Nori breathes deeply. Bofur is more perceptive than people give him credit for- he's touched a sore spot, and he knows it. But it still isn't that simple. "Aye, we've been there. We were there not five days ago, and that's what the lake men are hangin' over our heads now."
Bofur shakes his head almost violently. "Doesn' matter now, not when we're about to start killin' each other. Bard's a good man," he insists, and his voice breaks a little through a sad-looking half-smile. "His wee ones reminded me of some o' Bombur's back home. I did my best to look after 'em during the attack, we all did. How can I go out on that field tomorrow and raise my axe to their Da?" He looks at Nori with pleading in his eyes, as though he expects an answer to his question, but Nori doesn't have one to give him.
His answer would be to leave- his answer is always to leave, at the first sign of trouble. But he waited too long and got himself in too deep, and there's no leaving now. Even if he could sneak out without anyone in the company noticing and without ending up as an elf pincushion, it's like a hammer to the gut to realize that he wouldn't. It's more than his brothers, or Bofur- it's that he is no longer an outlaw without a king. He would die for them, but he will swallow the bitter taste of his misgivings and kill for Thorin Oakenshield. It's loyalty, bone-deep, and it is not a pleasant feeling.
He used to know better than this.
Meanwhile, Bofur is staring at the backs of his gloves, his face wan and colorless, looking like he is trying for all the world not to cry or be sick. Comfort has never been Nori's strength, but he places a steadying hand on his companion's knee and waits for him to speak. "So many o' this company are warriors. Seems like war is our folk's lot in the world, sometimes." He shakes his head, hat crooked over his unkempt braids. "But I never figured I'd see it, or be part of it. I'm no soldier."
"You're not the only one," Nori murmurs. He isn't thinking of himself- he is more a carrion-bird than a warrior, but he has always been one who can stomach even things he would rather not do. But he remembers Ori looking too small even in the best-fitting armor they could find, picking nervously at the fraying yarn of his mittens while Dori adjusted his helm over and over with slightly shaky fingers. He squeezes his eyes shut to forget it.
"I signed up for an adventure," Bofur rasps. "I signed up for fightin' orcs an' trolls an' dragons. Free beer." He doesn't laugh. "Mostly I did it in the hopes o' bringin' some money back to our family, makin' their lives at least a little better. It woulda been worth it if somethin' happened to me, long as we managed that." He clenches his jaw in what looks to Nori like disgust. "I didn' sign up to go to war against innocent folk that ought to be our friends. Not for a hunk o' rock, and not for every coin in this mountain."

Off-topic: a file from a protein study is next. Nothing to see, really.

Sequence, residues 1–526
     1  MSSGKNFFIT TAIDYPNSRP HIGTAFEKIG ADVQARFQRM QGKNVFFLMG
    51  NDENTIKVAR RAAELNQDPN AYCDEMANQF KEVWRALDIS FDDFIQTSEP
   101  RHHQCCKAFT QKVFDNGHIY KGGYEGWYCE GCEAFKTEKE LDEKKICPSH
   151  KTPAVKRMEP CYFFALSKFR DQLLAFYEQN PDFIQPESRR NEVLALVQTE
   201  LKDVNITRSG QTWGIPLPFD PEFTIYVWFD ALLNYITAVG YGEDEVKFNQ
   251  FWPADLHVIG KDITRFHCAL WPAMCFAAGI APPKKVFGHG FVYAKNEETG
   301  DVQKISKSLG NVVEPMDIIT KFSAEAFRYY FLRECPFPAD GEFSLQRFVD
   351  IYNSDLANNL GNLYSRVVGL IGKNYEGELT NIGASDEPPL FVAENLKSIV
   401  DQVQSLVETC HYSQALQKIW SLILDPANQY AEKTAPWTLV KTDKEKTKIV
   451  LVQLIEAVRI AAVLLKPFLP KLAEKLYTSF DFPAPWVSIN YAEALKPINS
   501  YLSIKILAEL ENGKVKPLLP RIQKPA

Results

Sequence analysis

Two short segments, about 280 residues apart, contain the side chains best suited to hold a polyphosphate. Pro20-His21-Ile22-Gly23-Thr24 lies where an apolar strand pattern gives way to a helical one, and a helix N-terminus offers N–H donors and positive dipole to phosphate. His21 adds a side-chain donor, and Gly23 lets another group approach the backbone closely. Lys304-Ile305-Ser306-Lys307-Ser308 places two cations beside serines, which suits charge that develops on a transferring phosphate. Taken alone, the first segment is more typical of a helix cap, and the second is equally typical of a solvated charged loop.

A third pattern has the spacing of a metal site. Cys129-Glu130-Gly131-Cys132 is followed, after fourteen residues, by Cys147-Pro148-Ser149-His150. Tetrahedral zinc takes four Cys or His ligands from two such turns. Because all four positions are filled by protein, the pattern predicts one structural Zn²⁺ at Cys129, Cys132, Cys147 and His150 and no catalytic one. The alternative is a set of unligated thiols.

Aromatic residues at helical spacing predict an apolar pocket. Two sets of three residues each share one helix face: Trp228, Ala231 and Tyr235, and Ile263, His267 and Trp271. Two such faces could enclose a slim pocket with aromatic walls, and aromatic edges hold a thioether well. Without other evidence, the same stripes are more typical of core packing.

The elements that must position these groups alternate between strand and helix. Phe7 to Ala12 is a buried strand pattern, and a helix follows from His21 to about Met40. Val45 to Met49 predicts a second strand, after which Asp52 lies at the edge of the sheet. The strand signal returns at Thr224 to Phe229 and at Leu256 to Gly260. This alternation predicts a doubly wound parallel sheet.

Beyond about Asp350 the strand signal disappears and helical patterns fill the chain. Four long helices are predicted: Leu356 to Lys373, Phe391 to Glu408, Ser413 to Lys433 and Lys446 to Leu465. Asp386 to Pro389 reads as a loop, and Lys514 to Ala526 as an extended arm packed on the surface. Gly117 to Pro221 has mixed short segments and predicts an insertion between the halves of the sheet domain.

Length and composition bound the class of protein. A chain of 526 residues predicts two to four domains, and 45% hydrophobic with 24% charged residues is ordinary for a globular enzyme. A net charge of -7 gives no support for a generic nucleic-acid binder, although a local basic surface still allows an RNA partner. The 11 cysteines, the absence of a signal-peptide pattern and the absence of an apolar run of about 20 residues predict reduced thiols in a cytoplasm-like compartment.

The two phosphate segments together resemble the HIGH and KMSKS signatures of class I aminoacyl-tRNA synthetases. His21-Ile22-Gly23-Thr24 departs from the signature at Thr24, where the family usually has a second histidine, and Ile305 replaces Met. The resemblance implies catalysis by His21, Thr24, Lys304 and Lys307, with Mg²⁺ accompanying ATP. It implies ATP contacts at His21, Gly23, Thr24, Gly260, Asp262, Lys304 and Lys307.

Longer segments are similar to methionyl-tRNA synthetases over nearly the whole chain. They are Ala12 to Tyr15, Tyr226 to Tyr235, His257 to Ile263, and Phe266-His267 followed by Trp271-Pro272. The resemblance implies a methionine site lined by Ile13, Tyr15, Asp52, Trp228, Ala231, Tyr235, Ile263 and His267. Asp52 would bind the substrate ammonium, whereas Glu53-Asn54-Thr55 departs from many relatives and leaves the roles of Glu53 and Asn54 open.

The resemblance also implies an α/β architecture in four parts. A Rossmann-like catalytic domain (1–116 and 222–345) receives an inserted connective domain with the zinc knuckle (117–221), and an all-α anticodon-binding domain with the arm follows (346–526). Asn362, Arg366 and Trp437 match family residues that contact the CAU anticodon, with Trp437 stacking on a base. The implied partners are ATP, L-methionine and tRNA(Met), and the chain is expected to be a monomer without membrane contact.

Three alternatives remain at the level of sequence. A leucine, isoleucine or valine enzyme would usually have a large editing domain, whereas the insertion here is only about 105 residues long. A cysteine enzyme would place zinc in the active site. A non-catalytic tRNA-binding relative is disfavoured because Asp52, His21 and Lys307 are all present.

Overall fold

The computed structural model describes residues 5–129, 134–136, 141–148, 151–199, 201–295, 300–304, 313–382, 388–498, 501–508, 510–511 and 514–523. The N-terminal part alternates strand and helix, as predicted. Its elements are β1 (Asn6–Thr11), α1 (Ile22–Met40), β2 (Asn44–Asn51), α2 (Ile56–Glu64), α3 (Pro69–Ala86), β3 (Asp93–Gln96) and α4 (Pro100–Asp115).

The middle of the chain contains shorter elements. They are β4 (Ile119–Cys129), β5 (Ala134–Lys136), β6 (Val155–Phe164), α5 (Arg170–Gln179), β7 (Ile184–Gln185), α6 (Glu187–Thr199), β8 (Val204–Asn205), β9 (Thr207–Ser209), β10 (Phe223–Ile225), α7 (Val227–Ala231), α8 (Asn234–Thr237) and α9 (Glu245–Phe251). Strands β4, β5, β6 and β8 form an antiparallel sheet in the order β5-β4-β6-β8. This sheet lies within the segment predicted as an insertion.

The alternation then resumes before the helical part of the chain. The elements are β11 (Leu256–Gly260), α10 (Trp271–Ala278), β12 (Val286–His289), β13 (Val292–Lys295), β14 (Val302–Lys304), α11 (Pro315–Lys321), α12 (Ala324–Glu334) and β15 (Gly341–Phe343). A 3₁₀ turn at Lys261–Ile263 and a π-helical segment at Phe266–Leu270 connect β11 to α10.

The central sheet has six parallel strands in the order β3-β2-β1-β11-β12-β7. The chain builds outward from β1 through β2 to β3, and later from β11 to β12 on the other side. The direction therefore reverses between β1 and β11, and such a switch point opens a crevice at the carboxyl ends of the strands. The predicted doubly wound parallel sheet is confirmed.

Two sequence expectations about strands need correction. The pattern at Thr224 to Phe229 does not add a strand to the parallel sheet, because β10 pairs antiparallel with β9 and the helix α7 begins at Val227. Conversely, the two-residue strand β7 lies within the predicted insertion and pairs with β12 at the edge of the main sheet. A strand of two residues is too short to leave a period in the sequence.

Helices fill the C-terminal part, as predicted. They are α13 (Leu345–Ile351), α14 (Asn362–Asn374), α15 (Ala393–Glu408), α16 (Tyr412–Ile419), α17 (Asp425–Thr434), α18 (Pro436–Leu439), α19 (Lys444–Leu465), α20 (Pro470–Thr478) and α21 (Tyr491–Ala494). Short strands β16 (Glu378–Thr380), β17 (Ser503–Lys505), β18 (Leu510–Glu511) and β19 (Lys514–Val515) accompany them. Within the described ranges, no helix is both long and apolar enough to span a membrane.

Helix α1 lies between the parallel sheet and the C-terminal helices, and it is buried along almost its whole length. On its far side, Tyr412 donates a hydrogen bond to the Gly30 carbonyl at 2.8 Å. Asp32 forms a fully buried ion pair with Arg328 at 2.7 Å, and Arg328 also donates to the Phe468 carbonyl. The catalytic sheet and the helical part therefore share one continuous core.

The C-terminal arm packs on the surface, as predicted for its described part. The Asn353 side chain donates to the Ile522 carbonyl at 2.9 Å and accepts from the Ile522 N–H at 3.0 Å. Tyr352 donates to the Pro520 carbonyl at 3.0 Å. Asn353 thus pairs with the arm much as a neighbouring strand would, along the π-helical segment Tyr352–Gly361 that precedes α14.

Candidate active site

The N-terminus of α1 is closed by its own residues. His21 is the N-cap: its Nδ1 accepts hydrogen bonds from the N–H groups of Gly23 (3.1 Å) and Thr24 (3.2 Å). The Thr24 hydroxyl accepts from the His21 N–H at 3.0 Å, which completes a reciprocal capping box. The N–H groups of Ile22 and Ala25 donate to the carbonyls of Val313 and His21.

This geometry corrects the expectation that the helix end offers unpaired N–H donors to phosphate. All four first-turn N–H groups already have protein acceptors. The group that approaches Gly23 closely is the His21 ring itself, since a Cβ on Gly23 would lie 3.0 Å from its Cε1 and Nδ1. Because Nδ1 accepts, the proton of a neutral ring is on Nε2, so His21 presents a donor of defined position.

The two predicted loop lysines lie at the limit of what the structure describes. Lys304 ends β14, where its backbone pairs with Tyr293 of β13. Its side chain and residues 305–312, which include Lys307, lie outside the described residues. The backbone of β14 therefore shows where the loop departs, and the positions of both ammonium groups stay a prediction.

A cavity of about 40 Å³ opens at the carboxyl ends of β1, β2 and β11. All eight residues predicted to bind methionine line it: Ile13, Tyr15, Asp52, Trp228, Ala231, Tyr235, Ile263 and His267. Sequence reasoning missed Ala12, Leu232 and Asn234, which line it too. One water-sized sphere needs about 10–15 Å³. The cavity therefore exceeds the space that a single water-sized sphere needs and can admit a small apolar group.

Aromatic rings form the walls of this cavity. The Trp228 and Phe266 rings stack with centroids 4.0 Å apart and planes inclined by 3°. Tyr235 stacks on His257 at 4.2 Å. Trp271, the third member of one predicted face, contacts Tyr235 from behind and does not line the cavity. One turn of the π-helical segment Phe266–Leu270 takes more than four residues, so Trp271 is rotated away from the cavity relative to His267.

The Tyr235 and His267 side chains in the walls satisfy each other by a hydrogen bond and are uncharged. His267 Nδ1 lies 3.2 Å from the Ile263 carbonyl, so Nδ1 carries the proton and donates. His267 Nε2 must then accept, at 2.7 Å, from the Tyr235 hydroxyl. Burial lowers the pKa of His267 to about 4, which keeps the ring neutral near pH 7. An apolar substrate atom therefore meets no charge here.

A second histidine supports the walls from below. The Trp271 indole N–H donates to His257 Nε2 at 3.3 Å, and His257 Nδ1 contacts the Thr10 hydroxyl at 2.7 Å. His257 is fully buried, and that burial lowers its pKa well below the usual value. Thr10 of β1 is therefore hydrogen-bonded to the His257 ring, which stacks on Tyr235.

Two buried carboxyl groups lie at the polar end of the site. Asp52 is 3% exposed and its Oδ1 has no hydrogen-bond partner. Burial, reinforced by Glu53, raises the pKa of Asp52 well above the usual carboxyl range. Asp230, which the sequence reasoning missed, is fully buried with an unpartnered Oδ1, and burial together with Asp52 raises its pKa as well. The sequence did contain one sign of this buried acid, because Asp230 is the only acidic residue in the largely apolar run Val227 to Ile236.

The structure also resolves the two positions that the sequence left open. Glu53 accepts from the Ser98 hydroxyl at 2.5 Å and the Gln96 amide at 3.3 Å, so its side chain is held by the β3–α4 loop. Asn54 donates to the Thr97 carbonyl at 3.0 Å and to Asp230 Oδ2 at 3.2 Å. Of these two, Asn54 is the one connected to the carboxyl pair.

He's right, of course. None of them signed up for this. But there is nothing Nori can say, because there is nothing to be done. Unless there is some sort of miracle, they are going outnumbered onto the battlefield, either to death or a victory perhaps too dearly-bought. After so many years of slipping the noose, he knows well enough that if he can find no escape from a situation, there isn't one to be found. He thinks of Thorin, hard and hollow-eyed and immovable as stone amidst his sea of gold, and doesn't allow himself to wonder whether or not it will be worth it.
"I oughta look in on my brothers," he says instead of goodbye. He isn't sure whether or not it's true yet- later he will, maybe, but for now he needs dark and quiet and solitude to collect what resolve he has for the morning.
Still pale and weary, Bofur nods. "'S about time to switch, I've got second watch." He moves to stand, but something tugs painfully in Nori's chest, and without consciously deciding to do so he has latched his fingers around Bofur's arm.
"Zangel, bahûnê," he whispers, lightly knocking their foreheads together, before pulling himself to his feet with as much grace as his tired legs can manage. Bofur does the same, shooting him an unreadable look before walking heavily away towards the wall of rubble at the front gate.
Lost in his thoughts far more than he usually allows himself, Nori nearly trips over Bilbo in one of the hallways. Their burglar looks startled at being knocked into, but there is an odd set to his jaw that looks like determination. He doesn't even mumble an apology as he goes, and bemused, Nori realizes that he too is headed in the direction of the front gate. He finds himself hoping that the halfling will run into Bofur. Nori, after all, has never been the comforting sort. Maybe he can do better.